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Aging Well
Brain Health
Senior Health

The Secrets of “SuperAger” Brains

“SuperAgers” 80 and above have distinctly different looking brains than those of normal older people, according to research done at Northwestern Medicine in Chicago and published January 28th 2015 in the Journal of Neuroscience. The study begins to reveal why the memories of these cognitively elite elders don’t suffer the usual ravages of time.

A release from the university notes that “SuperAgers” have memories that are as sharp as those of healthy people decades younger.  Understanding the unique “brain signature” of the “SuperAgers” will enable scientists to decipher the genetic or molecular source and may foster the development of strategies to protect the memories of normal aging people as well as treat dementia.

Cognitive “SuperAgers” were first identified in 2007 by scientists at Northwestern’s Cognitive Neurology and Alzheimer’s Disease Center at Northwestern University Feinberg School of Medicine. Their unusual brain signature has three common components when compared with normal people of similar ages: a thicker region of the cortex; significantly fewer tangles (a primary marker of Alzheimer’s disease) and a large supply of a specific neuron –von Economo — linked to higher social intelligence.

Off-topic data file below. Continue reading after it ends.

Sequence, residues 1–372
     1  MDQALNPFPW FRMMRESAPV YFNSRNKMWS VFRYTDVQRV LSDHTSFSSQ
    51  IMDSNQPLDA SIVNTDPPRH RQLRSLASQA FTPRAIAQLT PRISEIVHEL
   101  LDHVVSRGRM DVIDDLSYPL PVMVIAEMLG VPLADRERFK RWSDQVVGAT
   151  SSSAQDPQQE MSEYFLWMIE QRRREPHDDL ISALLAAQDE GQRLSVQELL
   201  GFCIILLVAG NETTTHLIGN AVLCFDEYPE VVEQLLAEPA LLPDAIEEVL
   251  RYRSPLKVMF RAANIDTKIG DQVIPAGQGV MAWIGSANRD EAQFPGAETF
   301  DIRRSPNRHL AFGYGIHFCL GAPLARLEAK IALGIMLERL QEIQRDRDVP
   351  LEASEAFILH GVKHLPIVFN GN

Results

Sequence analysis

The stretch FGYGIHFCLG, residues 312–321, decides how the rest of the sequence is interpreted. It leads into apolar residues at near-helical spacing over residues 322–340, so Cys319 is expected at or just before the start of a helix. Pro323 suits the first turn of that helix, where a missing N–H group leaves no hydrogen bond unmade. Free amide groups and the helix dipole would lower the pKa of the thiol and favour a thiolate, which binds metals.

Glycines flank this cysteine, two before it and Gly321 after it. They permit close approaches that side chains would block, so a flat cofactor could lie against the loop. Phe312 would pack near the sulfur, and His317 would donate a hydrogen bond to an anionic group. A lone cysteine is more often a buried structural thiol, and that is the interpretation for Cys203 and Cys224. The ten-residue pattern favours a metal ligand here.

The release quotes Changiz Geula, study senior author and a research professor at the Cognitive Neurology and Alzheimer’s Disease Center, as saying, “The brains of the SuperAgers are either wired differently or have structural differences when compared to normal individuals of the same age. It may be one factor, such as expression of a specific gene, or a combination of factors that offers protection.”

The Center has a new NIH grant to continue the research.

“Identifying the factors that contribute to the ‘SuperAgers’’ unusual memory capacity may allow us to offer strategies to help the growing population of ‘normal’ elderly maintain their cognitive function and guide future therapies to treat certain dementias,” said Tamar Gefen, the first study author and a clinical neuropsychology doctoral candidate at Feinberg.

MRI imaging and an analysis of the “SuperAger” brains after death show the following brain signature:

1) MRI imaging showed the anterior cingulate cortex of “SuperAgers” (31 subjects) was not only significantly thicker than the same area in aged individuals with normal cognitive performance (21 subjects), but also larger than the same area in a group of much younger, middle-aged individuals (ages 50 to 60, 18 subjects). This region is indirectly related to memory through its influence on related functions such as cognitive control, executive function, conflict resolution, motivation, and perseverance.

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